Self-Portrait in Blue Period. 1901. Oil on canvas.
Portrait of the Art Dealer Pedro Manach. 1901. Oil on canvas. The National Gallery of Art, Washington, DC, USA.
The Absinthe Drinker. 1901. Oil on cardboard. Melville Hall Collection, New York, NY, USA.
Woman in a Blue Hat. 1901. Pastel on cardboard. Galerie Rosengart, Lucerne, Switzerland.
The Absinthe Drinker. 1901. Oil on canvas. The Hermitage, St. Petersburg, Russia.
Woman with a Cigarette. 1901. Oil on canvas. Barnes Foundation, Lincoln University, Merion, PA, USA.
Le Gourmet. 1901. Oil on canvas. The National Gallery of Art, Washington, DC, USA.
L'Absinthe. 1901. Charcoal, pastel, gouache on paper. Collection of Otto Krebs, Holzdorf. Now in the Hermitage, St. Petersburg, Russia.
The Visit (Two Sisters). 1902. Oil on canvas pasted on panel. The Hermitage, St. Petersburg, Russia.
Breakfast of a Blind Man. 1903. Oil on canvas. The Metropolitan Museum of Art, New York, USA
La Vie (Life). 1903. Oil on canvas. The Cleveland Museum of Art, Cleveland, USA
The Tragedy. 1903. Oil on wood. The National Gallery of Art, Washington, DC, USA
Portrait of a Young Woman. 1903. Oil on canvas pasted on cardboard. The Hermitage, St. Petersburg, Russia
The Old Guitarist. 1903. Oil on panel. Art Institute of Chicago, Chicago, IL, USA
Portrait of Soler. 1903. Oil on canvas. The Hermitage, St. Petersburg, Russia.
Old Beggar with a Boy. 1903. Oil on canvas. The Pushkin Museum of Fine Art, Moscow, Russia
L'ascete. 1903. Oil on canvas. Barnes Foundation, Lincoln University, Merion, PA, USA.
Woman with a Crow. 1904. Charcoal, pastel and water-color on paper. Toledo Museum of Art, Toledo, OH, USA
The Catalan Sculptor Manolo (Manuel Hugue). 1904. Ink and watercolor on paper.
In 'Lapin Agile' or Harlequin with a Glass. 1905. Oil on canvas. Private collection.
Harlequin Sitting on a Red Couch. 1905. Chinese ink and watercolor on paper. Private collection.
Acrobat on a Ball. 1905 Oil on canvas. The Pushkin Museum of Fine Art, Moscow, Russia
Tumblers (Mother and Son). 1905. Gouache on canvas. Staatsgalerie, Stuttgart, Germany
Girl in a Chemise. c.1905. Oil on canvas. Tate Gallery, London, UK.
The Family of Saltimbanques. 1905. Oil on canvas. The National Gallery of Art, Washington, DC, USA
Boy with a Dog. 1905. Pastel and gouache on cardboard. The Hermitage, St. Petersburg, Russia.
Two Brothers. 1905. Oil on canvas. Kunstmuseum Basel, Basel, Switzerland.
Two Youths. 1905. Oil on canvas. The National Gallery of Art, Washington, DC, USA.
Acrobat and Young Harlequin. 1905. Oil on canvas. Barnes Foundation, Lincoln University, Merion, PA, USA.
Juggler with Still-Life. 1905. Gouache on cardboard. The National Gallery of Art, Washington, DC, USA.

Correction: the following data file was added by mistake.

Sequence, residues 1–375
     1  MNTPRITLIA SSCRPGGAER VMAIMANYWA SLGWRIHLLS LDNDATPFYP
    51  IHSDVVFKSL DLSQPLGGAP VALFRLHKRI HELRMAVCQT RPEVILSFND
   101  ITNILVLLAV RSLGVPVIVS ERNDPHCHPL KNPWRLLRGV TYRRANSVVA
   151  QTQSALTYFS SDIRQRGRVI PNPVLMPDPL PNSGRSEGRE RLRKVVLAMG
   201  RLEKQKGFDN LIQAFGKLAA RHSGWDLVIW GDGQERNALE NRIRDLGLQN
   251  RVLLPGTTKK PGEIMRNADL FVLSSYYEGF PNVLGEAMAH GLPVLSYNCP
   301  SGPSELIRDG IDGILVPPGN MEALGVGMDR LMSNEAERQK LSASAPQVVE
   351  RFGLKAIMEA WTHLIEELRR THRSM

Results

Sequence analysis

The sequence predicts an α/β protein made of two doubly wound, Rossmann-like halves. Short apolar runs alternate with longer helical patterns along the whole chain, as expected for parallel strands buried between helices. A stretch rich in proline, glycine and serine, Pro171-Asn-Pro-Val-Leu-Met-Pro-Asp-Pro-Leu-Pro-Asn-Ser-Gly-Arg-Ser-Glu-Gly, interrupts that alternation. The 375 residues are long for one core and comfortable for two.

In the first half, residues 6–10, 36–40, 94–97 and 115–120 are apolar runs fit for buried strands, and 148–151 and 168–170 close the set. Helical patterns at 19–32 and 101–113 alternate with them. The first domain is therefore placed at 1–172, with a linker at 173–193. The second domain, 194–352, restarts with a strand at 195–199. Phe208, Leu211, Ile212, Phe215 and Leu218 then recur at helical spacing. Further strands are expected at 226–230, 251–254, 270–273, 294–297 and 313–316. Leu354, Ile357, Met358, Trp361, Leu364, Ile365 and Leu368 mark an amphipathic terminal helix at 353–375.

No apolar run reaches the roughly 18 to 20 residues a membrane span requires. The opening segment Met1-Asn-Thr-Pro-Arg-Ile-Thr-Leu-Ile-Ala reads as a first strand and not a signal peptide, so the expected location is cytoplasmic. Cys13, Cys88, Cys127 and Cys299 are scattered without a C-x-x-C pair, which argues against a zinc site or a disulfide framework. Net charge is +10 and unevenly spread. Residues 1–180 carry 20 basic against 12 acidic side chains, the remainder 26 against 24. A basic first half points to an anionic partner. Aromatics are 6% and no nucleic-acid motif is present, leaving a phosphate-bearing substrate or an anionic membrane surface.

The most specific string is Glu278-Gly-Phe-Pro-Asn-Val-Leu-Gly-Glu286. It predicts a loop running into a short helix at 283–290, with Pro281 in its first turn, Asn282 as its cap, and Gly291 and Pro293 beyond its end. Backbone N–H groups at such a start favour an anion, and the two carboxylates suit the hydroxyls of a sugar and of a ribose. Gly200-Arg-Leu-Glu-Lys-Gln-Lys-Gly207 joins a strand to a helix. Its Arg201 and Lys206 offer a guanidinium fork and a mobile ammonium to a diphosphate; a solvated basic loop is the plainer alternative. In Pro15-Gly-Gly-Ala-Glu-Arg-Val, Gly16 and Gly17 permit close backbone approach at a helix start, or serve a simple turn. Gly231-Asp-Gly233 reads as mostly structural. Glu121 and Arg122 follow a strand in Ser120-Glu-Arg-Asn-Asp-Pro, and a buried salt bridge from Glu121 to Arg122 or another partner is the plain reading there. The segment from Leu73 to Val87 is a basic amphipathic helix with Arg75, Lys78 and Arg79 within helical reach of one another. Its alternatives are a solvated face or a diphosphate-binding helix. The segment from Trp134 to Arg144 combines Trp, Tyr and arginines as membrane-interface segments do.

Lady with a Fan. 1905. Oil on canvas. The National Gallery of Art, Washington, DC, USA
Young Girl with a Goat. 1906. Oil on canvas. Barnes Foundation, Lincoln University, Merion, PA, USA
The Peasants. Composition. 1906. Oil on canvas. Barnes Foundation, Lincoln University, Merion, PA, USA.
nu Youth. 1906. Gouache on cardboard. The Hermitage, St. Petersburg, Russia.
Glassware. Still Life with a Porro. 1906. Oil on canvas. The Hermitage, St. Petersburg, Russia.
Boy Leading a Horse. 1906. Oil on canvas. The Museum of Modern Arts, New York, NY, USA.
La Toilette. 1906. Oil on canvas. Albright-Knox Art Gallery, Buffalo, NY, USA
Hairdressing. 1906. Oil on canvas. The Metropolitan Museum of Art, New York, USA.
Self-Portrait with a Palette. 1906. Oil on canvas. Philadelphia Museum of Art, Philadelphia, PA, USA.
Portrait of Gertrude Stein. 1906. Oil on canvas. The Metropolitan Museum of Art, New York, USA.
Sketch for The Demoiselles d'Avignon. 1907. Watercolor on paper. Museum of Art, Philadelphia, PA, USA.
Les Demoiselles d'Avignon. 1907. Oil on canvas. The Museum of Modern Arts, New York, NY, USA
The Dance of the Veils. 1907. Oil on canvas. The Hermitage, St. Petersburg, Russia.
Composition with a Skull. 1907. Oil on canvas. The Hermitage, St. Petersburg, Russia.
Head of a Woman. 1907. Oil on canvas. Barnes Foundation, Lincoln University, Merion, PA, USA.
Head of a Man. 1907. Oil on canvas. Barnes Foundation, Lincoln University, Merion, PA, USA.
Woman Seated. 1908. Oil on canvas. The Hermitage, St. Petersburg, Russia.
Friendship. 1908. Oil on canvas. The Hermitage, St. Petersburg, Russia.
Green Bowl and Black Bottle. 1908. Oil on canvas. The Hermitage, St. Petersburg, Russia.
Pot, Wine-Glass and Book. 1908. Oil on canvas. The Hermitage, St. Petersburg, Russia.
Decanter and Tureens. 1908. Oil on cardboard. The Hermitage, St. Petersburg, Russia.
Flowers in a Grey Jug and Wine-Glass with Spoon. 1908. Oil on canvas. The Hermitage, St. Petersburg, Russia.
La Fermiere (half-length). 1908. Oil on canvas. The Hermitage, St. Petersburg, Russia.
(full-length). 1908. Oil on canvas. The Hermitage, St. Petersburg, Russia.
House in a Garden. 1908. Oil on canvas. The Hermitage, St. Petersburg, Russia.
Dryad. 1908. Oil on canvas. The Hermitage, St. Petersburg, Russia.
Three Women. 1908. Oil on canvas. The Hermitage, St. Petersburg, Russia.
Woman with a Fan. 1908. Oil on canvas. The Hermitage, St. Petersburg, Russia.
Two Naked Figures. 1908. Oil on canvas.